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CDeeter replied on Tue, Aug 21 2012 9:02 AM

Yeah they made their money on this generation, time to make sure and clear inventory for the launch of Gen 8.

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rapid1 replied on Tue, Aug 21 2012 11:40 AM

I like that 7850 price line I have not had any need really to upgrade throughout the 6 series and am still running my 5 series top of the line for now. This at least when we get to BF might be a grab for sure.

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Erakith replied on Tue, Aug 21 2012 12:51 PM

Whilst not a fanboy, I typically tend to buy nVidia. Not for any particular reason, I think once I compare the two lines I just see things that perk my attention more when it comes to team green.

That said, I am liking that AMD are cutting prices; the problem is is that I don't think AMD were expecting to have to make so many price cuts at so frequent intervals. People who bought these cards earlier, being early adopters to AMDs Tahiti architecture, are going to be irritated.

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Joel H replied on Tue, Aug 21 2012 4:09 PM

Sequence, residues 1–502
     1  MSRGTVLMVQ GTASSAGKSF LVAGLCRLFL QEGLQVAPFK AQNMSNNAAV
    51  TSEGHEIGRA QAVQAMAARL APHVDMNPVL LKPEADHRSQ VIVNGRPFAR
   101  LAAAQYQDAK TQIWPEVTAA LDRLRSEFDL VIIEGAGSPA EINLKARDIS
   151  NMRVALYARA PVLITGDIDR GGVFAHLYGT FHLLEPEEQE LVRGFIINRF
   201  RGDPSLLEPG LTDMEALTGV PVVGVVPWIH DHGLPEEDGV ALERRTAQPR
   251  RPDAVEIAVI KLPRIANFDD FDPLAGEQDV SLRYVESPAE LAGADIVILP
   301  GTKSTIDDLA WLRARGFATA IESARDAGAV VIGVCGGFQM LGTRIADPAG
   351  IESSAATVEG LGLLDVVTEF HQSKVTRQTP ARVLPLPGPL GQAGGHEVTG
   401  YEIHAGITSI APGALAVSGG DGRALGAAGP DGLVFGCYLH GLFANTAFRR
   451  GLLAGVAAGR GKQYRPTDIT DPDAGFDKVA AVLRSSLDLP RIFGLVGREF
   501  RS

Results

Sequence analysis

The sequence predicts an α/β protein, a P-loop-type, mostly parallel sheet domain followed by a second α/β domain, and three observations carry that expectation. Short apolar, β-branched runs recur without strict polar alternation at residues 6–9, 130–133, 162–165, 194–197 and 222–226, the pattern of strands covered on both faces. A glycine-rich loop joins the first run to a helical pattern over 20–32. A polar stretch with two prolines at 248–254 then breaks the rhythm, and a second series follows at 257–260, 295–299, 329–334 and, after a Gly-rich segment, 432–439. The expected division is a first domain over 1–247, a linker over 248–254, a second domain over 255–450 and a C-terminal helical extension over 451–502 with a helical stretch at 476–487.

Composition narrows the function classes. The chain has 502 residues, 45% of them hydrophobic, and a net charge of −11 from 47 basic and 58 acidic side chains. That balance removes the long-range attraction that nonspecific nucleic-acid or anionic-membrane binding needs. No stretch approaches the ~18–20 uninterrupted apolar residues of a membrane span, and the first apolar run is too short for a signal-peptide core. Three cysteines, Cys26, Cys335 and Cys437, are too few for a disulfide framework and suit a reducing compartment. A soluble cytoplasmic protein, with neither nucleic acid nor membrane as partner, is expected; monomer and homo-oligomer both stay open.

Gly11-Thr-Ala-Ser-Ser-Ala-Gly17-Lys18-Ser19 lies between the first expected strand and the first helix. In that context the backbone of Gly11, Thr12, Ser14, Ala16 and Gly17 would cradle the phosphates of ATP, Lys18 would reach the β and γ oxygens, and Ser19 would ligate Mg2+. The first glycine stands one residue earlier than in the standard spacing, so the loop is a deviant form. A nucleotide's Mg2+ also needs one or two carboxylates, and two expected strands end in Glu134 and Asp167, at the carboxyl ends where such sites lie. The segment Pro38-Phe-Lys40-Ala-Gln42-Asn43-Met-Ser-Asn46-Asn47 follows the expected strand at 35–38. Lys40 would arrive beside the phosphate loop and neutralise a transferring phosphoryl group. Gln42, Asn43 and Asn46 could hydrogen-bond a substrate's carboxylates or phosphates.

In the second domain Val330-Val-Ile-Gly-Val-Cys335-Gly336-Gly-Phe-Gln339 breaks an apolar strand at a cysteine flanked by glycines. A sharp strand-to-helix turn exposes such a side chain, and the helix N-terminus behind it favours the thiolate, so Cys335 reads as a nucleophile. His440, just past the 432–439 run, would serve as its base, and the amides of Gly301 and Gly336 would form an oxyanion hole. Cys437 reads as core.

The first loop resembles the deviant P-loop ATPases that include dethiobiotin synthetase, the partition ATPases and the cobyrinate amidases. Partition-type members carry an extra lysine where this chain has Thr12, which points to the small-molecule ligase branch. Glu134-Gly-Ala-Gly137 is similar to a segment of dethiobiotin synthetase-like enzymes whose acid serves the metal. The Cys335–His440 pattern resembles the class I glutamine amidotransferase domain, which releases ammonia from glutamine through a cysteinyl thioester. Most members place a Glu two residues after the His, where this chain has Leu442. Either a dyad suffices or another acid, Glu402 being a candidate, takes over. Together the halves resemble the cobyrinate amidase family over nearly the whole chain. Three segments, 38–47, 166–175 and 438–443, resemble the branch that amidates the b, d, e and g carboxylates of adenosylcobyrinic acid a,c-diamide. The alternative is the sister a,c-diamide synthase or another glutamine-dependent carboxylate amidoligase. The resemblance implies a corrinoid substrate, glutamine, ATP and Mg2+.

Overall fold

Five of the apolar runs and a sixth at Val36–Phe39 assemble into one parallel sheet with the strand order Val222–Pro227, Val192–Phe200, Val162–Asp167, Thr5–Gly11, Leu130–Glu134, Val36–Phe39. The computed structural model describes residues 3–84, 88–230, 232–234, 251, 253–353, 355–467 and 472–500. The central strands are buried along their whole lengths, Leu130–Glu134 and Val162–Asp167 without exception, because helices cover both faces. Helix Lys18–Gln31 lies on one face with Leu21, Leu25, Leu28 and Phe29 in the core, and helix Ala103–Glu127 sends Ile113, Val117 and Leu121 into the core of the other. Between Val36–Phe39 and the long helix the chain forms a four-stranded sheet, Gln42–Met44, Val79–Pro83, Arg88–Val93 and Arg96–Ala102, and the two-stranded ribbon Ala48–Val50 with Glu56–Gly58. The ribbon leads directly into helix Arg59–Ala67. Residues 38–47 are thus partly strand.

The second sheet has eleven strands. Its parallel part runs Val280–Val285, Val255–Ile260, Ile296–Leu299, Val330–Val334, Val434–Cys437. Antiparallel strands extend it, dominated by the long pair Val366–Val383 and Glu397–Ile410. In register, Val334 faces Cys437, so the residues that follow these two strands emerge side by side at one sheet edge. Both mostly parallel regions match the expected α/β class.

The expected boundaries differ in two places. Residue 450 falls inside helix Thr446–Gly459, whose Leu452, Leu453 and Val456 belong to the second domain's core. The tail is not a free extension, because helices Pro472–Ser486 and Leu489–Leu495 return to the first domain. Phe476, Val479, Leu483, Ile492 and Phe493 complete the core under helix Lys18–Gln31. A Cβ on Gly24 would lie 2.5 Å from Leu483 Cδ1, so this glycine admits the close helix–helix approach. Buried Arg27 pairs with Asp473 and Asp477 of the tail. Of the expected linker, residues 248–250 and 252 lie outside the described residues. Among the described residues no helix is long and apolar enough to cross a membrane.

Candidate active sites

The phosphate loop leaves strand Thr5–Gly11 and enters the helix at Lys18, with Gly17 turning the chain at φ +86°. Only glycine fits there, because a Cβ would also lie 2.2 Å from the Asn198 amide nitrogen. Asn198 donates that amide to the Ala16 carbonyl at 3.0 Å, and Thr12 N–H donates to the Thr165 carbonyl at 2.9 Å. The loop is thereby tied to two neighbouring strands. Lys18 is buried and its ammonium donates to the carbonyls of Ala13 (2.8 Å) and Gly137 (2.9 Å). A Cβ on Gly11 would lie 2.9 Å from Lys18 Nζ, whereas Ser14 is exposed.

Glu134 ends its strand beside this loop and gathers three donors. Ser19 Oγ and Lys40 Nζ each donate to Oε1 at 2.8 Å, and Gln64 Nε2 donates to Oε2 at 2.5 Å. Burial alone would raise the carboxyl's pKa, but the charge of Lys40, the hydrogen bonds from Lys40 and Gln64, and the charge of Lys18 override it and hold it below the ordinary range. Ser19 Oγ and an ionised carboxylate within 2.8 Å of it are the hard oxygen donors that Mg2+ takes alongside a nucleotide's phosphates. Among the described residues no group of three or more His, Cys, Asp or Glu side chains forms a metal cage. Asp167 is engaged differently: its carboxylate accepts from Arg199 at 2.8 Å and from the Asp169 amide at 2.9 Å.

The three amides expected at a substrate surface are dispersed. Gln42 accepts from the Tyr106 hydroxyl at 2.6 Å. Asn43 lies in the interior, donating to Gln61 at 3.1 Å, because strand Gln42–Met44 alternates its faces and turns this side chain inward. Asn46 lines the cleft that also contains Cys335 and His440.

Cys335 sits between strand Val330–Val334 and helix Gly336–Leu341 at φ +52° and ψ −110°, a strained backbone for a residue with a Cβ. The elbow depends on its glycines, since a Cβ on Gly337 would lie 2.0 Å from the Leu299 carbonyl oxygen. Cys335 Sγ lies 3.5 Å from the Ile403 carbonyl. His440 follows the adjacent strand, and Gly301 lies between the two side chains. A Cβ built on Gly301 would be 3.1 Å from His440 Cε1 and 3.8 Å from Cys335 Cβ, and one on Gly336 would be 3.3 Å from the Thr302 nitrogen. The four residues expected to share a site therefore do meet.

GKvarta,

The problem isn't the age of the HD 7000 family, it's the fact that AMD is having to cut costs in the first place. Remember, AMD's four year net profit margin on GPUs is just 7%. That's much lower than Nvidia, and it includes the company's best years, when the HD 4000 and HD 5000 were doing extremely well.

Tahiti is a great chip. The HD 7000 is a good series. But it's not quite as strong as Kepler, and that puts AMD in a tough spot.

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AKnudson replied on Tue, Aug 21 2012 7:58 PM

The Kepler based graphics cards, especially the professional grade variety are much better graphics cards both in terms of price and quality. More bang for your buck and all that.

What can Radeon do to combat That?

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realneil replied on Tue, Aug 21 2012 8:46 PM

Price cuts are always good news,.....

Don't part with your illusions. When they are gone you may still exist, but you have ceased to live.

(Mark Twain)

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Kidbest100 replied on Wed, Aug 22 2012 12:54 AM

Price cuts are always nice to see.

However, I would like to see BIGGER price cuts :D

My buddy wants to get a better GPU, and He's waiting for a decent enough price drop so he can get a good card without breakin the bank.

Hope it works out for him.

Me on the other hand, I dont got nothin to spend in the first place :P

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unionsac replied on Wed, Aug 22 2012 6:24 AM

That said, I am liking that AMD are cutting prices; the problem is is that I don't think AMD were expecting to have to make so many price cuts at so frequent intervals. People who bought these cards earlier, being early adopters to AMDs Tahiti architecture, are going to be irritated.